Between him and his business partner, they put in an initial fund of $100,000 to get operations going, some of which they had to borrow from their families.
Fear Of The Unfamiliar
In early 2000s, when biometric technologies [were] still in their infancy, we’ve faced a lot of difficulties in convincing customers that it is beneficial to them.
[As it was] very new and unproven, many clients were reluctant to try it, preferring to go with the traditional manual recording methods.
Trying to sell a technology few people had heard of, it was inevitable he had to deal with doubts and fears.
The difficulty securing customers even caused Intercorp to “[run] out of money in the first few years”, struggling through a time when they had “no reserves to pay [their team’s] salaries”.
Kelvin recalls it was an uphill task to convince managers who weren’t confident his tech could handle their workers at such a large scale.
Some, on the other hand, asked him: What if it worked too well, and employees who were once able to abuse the system to slip through the cracks would put up a huge resistance to the change?
“When we introduced cloud computing, clients were also worried their data would be lost in transmission,” he says.
“[These are] questions that would not be asked today, [as technology like this has] become part of our daily lives.”
To get to where they are now, they’ve had to repeatedly prove their concepts.
Only when companies saw real results that Intercorp’s tech helped to improve their management processes and save running costs, did they start turning into long-term customers.
Owning The Major Market
Fast forward to today, and distrust in technology is no longer a problem.
In fact, his construction clients adopted facial recognition “seven years before Apple launched their FaceID”, Kelvin tells us.
By paying attention to this unsung industry that others may rarely think about, Intercorp has grown to win the lion’s share, accounting for “about 60% to 70%” of the construction market in Singapore.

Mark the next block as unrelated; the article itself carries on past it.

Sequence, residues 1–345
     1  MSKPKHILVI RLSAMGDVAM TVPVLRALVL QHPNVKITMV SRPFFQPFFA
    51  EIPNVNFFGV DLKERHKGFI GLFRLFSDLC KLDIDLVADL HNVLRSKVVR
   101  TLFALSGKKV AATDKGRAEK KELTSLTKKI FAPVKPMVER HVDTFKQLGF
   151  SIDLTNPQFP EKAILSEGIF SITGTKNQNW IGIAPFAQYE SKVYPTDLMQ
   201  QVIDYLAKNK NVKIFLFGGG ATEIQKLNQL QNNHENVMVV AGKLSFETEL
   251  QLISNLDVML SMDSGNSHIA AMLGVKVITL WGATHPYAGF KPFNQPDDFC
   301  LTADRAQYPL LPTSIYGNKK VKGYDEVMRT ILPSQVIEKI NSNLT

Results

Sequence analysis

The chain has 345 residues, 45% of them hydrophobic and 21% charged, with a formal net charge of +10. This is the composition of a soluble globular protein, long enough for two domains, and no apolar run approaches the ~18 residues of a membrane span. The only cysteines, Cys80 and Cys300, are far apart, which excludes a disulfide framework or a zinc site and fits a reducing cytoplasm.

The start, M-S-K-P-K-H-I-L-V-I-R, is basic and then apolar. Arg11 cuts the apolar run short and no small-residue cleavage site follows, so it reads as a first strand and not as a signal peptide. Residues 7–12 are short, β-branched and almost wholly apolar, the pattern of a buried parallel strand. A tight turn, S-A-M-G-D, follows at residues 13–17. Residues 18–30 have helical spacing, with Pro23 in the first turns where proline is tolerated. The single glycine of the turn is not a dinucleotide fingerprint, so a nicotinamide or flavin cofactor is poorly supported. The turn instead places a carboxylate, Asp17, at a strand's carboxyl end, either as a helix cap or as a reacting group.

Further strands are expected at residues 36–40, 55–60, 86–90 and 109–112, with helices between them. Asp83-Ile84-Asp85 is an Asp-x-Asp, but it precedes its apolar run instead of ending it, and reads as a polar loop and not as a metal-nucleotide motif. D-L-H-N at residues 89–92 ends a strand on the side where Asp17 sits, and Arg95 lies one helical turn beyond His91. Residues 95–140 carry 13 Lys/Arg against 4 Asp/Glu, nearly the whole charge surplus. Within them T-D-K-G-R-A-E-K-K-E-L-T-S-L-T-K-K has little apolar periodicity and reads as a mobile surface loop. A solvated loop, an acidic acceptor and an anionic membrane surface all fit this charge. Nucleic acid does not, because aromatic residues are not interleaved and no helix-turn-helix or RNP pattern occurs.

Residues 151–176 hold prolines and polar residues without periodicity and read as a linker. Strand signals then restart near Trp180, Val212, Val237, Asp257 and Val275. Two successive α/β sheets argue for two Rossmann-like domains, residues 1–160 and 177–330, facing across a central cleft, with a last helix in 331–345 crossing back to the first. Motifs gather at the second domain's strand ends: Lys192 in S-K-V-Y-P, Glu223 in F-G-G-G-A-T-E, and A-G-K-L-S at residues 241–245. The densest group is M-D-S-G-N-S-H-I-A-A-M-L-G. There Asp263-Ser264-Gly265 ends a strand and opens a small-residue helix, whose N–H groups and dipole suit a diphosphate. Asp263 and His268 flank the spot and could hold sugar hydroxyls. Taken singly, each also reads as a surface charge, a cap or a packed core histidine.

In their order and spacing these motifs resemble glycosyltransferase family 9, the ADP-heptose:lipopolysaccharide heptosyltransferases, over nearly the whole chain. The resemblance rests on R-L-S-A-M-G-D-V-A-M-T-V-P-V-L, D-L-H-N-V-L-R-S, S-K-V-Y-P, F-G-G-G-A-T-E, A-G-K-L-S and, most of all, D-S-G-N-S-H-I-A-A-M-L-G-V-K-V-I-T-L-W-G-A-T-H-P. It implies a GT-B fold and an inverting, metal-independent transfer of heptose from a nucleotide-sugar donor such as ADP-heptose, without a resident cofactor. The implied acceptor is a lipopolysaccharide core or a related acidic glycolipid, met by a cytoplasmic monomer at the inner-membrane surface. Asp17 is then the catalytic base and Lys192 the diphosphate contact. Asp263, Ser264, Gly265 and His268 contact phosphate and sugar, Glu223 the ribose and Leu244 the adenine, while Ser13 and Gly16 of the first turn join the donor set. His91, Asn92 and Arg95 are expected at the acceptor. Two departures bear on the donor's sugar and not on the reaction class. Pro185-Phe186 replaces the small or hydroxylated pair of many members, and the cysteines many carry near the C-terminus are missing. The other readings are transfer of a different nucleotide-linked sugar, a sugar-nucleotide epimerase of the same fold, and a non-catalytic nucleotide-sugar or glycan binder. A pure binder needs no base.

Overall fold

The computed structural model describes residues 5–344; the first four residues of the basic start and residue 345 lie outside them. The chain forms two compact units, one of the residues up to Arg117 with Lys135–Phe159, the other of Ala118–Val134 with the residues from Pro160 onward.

Their solutions are now used on the sites of many “construction heavyweights” including Landlease Asia, Koh Brothers, Woh Hup and KTC, as well as projects managed by government agencies like LTA and HDB.
In 2018, Intercorp was awarded a Medal of Honour by the Singapore Enterprise Association for clinching a spot among the Top 100 Trusted SMEs.
Beyond home, they’re also frequently getting projects from Malaysia, Philippines, Vietnam and China.
Keeping His Sights In The Distance
Behind their longevity, Kelvin explains it’s nothing flashy that got them there, but simply putting in the hard work to constantly “relook and innovate [their] solutions”.
“It’s important that we don’t cut corners and always seek to make long-term decisions,” he says.
He admits there have been times he got so caught up in being busy that he lost sight of long-term goals—to expand the company internationally.
During those times, they stifled their own growth as they only focused on daily tasks but “failed to plan and structure [their] solutions for scalability”.
Eventually, I had to pull myself away from the daily grind to re-possess the high level oversight and plan on how to take our overseas expansion into reality.
“[There was] an extensive list of things to rework, from solution infrastructures, to marketing outreach, partners sales kits, and overseas project support,” he says.
As he tackled issues once overlooked, Kelvin began bringing Intercorp closer to its goals, with the first overseas office opened in Chennai, India in 2018.
His future plans will stay on this path, to “bring [their] solution to larger captive audiences” in other countries, and across industries like “retail, education and manufacturing” as well.
When it comes to breaking through stagnancy and moving further ahead, he learned a valuable lesson:
Don’t stay stuck in one place where “everyone is busy peddling, and no one [is] looking at where [the] ship is heading”.
Succeed Where Others Aren’t Playing
As we follow the entrepreneur scene in Singapore, we’ve written about many exciting startups doing new things in F&B, retail, services and more.
Many of them also use technology to bring various sectors further.
But getting to speak with a startup that looks into the nitty gritty needs of the often forgotten, unsexy construction industry isn’t something we bump into every day.
While Intercorp’s tech innovation forms the basis of what the firm can provide, what they’ve really succeeded in is identifying who can benefit most from its application and selling the solution to them.
They’ve made their name by playing a field that others don’t really pay attention to.
Not many startups can say they’ve captured a slice of a multi-billion dollar industry, and construction clearly isn’t one that would ever hit the ground.
Featured Image Credit: Intercorp / ATT Training Hub